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How to look after your mental health as a nurse

Nurses are under pressure. A new survey by the Nursing Times reveals the negative impact the coronavirus is having on the mental health of nurses. Nine in ten nurses are feeling more stressed and anxious than usual. A third of 3,500 respondents said their mental health was 'bad' or 'very bad' - their largest concerns were around the lack of PPE, contracting the virus themselves, and the health of family and friends.

We are all worried about the situation around coronavirus and how it might affect our lives. It's not just a crisis in physical health, but in mental health too. Amidst all this, nurses and other key workers are still going to work when the rest of the country has shut down, and are working directly with the risks that everyone else is being told to avoid.



What we're doing

At Mind, we have partnered with other leading mental health charities for the first time to provide round the clock support for those, like yourself, working against the coronavirus. Our Frontline is a combination of 1-2-1 support and online resources for frontline workers to make sure you're putting your mental health first.

What you can do to support yourself

When your work is focused on caring for someone else, it's important to remember to look after yourself. That includes recognising how the pandemic might affect your mental health.

A certain amount of pressure at work can be good, helping us to perform and to feel energised and ready to meet new challenges. But being under intense pressure for too long can lead to stress. Keep a look out: you might start to feel more irritable, wound up, depressed or like your thoughts are racing and you can't switch off.

The period we're in is unique, but that just makes it more important to pay attention to how you're doing. Here are some tips for looking after yourself in work:

1. Take some time before your shift.

Mentally prepare by working through a readiness checklist. This could include the following:

  • Challenging negative thoughts and assumptions about what the day might bring. Imagining the worst will fuel any anxiety.

  • Taking six deep breaths, to slow your heart rate and put your body into a calm, ready state.

  • Purposefully leaving worries behind. Write them down, say them or shut them in your locker.

If you enjoy mindfulness or relaxation exercises, this might be a good time to do them.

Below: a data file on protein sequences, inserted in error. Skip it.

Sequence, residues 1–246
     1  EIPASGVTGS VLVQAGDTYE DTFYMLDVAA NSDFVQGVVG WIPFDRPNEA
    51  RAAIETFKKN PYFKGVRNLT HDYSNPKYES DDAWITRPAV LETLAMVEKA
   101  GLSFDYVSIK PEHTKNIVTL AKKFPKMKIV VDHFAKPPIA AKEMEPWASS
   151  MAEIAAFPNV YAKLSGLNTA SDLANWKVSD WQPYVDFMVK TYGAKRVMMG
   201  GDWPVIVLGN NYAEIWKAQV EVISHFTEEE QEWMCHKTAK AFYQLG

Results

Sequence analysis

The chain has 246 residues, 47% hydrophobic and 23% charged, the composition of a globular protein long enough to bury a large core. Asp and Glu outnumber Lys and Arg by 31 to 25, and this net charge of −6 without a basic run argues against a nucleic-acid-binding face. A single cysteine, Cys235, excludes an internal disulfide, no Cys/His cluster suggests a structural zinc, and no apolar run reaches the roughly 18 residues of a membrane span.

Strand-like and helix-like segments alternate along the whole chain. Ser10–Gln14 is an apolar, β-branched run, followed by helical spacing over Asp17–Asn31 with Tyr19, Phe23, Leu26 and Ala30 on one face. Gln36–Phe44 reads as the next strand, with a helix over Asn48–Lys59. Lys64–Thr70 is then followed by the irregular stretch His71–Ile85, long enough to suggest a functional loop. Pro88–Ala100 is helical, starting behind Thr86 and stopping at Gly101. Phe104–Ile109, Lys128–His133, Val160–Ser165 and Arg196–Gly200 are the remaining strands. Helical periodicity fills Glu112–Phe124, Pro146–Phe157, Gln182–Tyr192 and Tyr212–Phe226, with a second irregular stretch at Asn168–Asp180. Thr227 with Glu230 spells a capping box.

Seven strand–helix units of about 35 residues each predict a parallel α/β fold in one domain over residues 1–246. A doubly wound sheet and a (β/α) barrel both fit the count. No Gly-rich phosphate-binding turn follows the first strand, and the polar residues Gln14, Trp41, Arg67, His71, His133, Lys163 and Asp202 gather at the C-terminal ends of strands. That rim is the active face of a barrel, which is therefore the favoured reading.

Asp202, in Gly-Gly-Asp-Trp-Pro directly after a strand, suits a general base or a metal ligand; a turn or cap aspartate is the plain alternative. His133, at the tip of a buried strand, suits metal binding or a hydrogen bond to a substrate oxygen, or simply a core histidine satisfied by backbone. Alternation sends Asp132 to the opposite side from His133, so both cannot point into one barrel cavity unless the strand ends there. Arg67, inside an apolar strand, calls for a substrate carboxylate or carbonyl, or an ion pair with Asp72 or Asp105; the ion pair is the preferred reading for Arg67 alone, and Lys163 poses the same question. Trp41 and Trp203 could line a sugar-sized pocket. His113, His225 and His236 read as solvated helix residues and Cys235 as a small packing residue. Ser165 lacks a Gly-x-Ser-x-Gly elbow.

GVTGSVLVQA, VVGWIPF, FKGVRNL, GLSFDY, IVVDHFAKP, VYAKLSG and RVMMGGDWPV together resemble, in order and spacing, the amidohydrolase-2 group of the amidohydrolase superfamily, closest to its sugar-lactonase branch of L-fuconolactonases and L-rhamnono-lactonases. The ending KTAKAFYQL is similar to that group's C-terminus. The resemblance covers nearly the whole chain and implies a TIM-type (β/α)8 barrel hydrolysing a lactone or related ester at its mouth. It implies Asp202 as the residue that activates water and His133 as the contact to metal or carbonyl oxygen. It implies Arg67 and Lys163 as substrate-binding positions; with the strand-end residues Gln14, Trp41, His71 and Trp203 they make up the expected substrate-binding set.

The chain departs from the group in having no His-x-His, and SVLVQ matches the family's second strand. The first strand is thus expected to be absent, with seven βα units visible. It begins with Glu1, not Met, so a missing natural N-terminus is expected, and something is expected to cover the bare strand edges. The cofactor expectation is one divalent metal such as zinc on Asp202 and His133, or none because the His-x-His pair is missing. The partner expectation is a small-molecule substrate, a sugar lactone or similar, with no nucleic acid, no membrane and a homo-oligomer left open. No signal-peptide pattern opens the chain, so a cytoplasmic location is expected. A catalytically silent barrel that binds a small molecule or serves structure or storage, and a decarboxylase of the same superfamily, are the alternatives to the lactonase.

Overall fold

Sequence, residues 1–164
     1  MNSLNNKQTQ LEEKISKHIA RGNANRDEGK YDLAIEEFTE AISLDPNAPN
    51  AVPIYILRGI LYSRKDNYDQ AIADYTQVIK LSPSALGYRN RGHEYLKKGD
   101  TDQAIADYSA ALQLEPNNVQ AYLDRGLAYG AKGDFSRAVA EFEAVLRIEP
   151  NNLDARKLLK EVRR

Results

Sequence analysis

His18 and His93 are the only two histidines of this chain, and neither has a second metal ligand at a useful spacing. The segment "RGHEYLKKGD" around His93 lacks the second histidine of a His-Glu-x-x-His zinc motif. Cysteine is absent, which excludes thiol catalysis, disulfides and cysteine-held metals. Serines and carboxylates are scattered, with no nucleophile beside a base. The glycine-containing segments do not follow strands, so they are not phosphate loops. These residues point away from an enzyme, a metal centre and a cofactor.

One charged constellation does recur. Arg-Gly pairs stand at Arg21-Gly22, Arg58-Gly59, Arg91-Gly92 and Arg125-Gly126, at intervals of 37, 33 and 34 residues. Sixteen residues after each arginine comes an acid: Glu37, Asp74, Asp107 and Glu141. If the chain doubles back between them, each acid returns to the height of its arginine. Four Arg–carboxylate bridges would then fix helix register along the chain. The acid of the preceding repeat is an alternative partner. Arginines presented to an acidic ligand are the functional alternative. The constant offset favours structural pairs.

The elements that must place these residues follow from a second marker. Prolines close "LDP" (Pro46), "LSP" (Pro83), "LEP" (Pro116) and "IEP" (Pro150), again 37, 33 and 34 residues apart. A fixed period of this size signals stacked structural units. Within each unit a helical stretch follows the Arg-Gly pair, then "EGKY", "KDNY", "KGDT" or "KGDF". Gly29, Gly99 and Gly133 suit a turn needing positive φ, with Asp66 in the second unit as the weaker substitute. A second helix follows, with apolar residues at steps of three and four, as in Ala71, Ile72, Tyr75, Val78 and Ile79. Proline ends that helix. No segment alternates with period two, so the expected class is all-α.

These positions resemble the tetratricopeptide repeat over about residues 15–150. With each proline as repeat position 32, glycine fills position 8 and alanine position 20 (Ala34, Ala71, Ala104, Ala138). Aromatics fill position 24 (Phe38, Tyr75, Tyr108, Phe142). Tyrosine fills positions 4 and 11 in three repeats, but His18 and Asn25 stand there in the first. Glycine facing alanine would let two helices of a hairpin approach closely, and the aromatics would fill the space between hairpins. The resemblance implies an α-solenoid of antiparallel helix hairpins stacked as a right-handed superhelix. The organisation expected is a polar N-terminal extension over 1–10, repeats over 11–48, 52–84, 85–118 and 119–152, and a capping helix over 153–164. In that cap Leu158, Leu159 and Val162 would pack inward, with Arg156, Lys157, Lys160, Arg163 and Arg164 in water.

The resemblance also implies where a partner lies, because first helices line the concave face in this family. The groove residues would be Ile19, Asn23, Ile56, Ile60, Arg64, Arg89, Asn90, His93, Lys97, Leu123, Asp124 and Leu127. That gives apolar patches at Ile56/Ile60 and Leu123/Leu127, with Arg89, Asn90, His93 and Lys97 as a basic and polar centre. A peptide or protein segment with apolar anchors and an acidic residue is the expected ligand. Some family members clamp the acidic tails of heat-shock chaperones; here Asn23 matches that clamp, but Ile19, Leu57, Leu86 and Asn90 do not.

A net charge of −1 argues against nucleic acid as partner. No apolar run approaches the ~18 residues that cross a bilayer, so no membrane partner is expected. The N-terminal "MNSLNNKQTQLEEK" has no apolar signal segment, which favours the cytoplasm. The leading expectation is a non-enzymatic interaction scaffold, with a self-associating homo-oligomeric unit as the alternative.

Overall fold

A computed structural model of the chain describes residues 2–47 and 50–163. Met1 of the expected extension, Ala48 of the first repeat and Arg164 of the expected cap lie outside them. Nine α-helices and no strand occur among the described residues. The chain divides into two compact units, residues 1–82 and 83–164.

2. Take your breaks

Sometimes it's tempting to work right through and get the job done, especially in this environment of increased pressure. But taking a break is important and can allow you to rest and recuperate, even for just a little while. Don't feel guilty – it's not a luxury but there for patients' safety as well as yours.


3. Check in with your mind and your colleagues

Make a point of regularly pausing to focus on how you're all doing. You could complete a wellness action plan (WAP) and encourage your team to do the same, or look at How are you feeling today, NHS? for a quick way to discuss how the day's going.

4. Look after your body during your shift

The measures you need to take to keep yourself and your patients safe and protected are probably forefront in your mind at the moment. But don't neglect other aspects of your physical health too.

For example, it's not always practical or easy to eat well. However, prepping meals and healthy snacks before shifts or at the beginning of a work week can help us eat well, feel energised and get the correct nutrients for a taxing shift. It's just as important to stay hydrated before, during, and after shifts. When you do manage to get breaks, try to catch up a bit on sleep where you can.


5.Think about your work/life balance

Working long shifts in such a challenging and fast-paced environment can leave you exhausted. Perhaps you're also trying to shop during supermarket priority hours. This all makes it more important than ever to take care of yourself by doing something you enjoy sometimes too.

Home life has transformed for most of us. Think about ways to take some time for yourself in this new environment. Build in opportunities to do things that relax you and make time to stay in contact with those you care about.

6. Leave work at work

The fact is, shifts are likely to be tough, and traumatic experiences do happen, perhaps especially at times like this. Having a 'going home checklist' that you do before you leave the building can help you switch from work to home mode. You could do the following:

  • Take a moment to think about the shift.

    • Acknowledge three things that were difficult. Take any learning that is needed, then let them go.

    • Consider three things that went well.

  • Choose an action that signals the end of your shift. Something as easy as doing the same action when clocking out.

  • Now switch your attention to home. Think about how you're now going to rest and recharge.

More support

These tips may not be for you, and as things change, what works now might not work next week. You might look into the wellbeing apps that are now free to NHS staff, or the RCN counselling service. There are more ideas on Mental Health at Work. If you're in need of mental health support now please visit Our Frontline or text the helpline on 85258. Take care of yourselves and thank you for all that you are doing.

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